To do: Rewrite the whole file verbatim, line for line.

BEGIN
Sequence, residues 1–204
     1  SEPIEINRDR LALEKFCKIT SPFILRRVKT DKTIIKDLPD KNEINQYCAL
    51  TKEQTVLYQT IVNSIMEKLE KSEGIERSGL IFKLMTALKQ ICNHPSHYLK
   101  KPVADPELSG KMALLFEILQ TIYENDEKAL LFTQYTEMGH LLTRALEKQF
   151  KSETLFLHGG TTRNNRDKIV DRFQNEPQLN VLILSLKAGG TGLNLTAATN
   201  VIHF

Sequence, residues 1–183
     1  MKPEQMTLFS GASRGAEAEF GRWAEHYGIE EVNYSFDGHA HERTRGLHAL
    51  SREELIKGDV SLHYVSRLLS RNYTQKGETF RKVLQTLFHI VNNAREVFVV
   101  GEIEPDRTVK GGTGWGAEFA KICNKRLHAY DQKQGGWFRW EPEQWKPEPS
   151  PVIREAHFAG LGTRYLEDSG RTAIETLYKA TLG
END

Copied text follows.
Sequence, residues 1–204
     1  SEPIEINRDR LALEKFCKIT SPFILRRVKT DKTIIKDLPD KNEINQYCAL
    51  TKEQTVLYQT IVNSIMEKLE KSEGIERSGL IFKLMTALKQ ICNHPSHYLK
   101  KPVADPELSG KMALLFEILQ TIYENDEKAL LFTQYTEMGH LLTRALEKQF
   151  KSETLFLHGG TTRNNRDKIV DRFQNEPQLN VLILSLKAGG TGLNLTAATN
   201  VIHF

Sequence, residues 1–183
     1  MKPEQMTLFS GASRGAEAEF GRWAEHYGIE EVNYSFDGHA HERTRGLHAL
    51  SREELIKGDV SLHYVSRLLS RNYTQKGETF RKVLQTLFHI VNNAREVFVV
   101  GEIEPDRTVK GGTGWGAEFA KICNKRLHAY DQKQGGWFRW EPEQWKPEPS
   151  PVIREAHFAG LGTRYLEDSG RTAIETLYKA TLG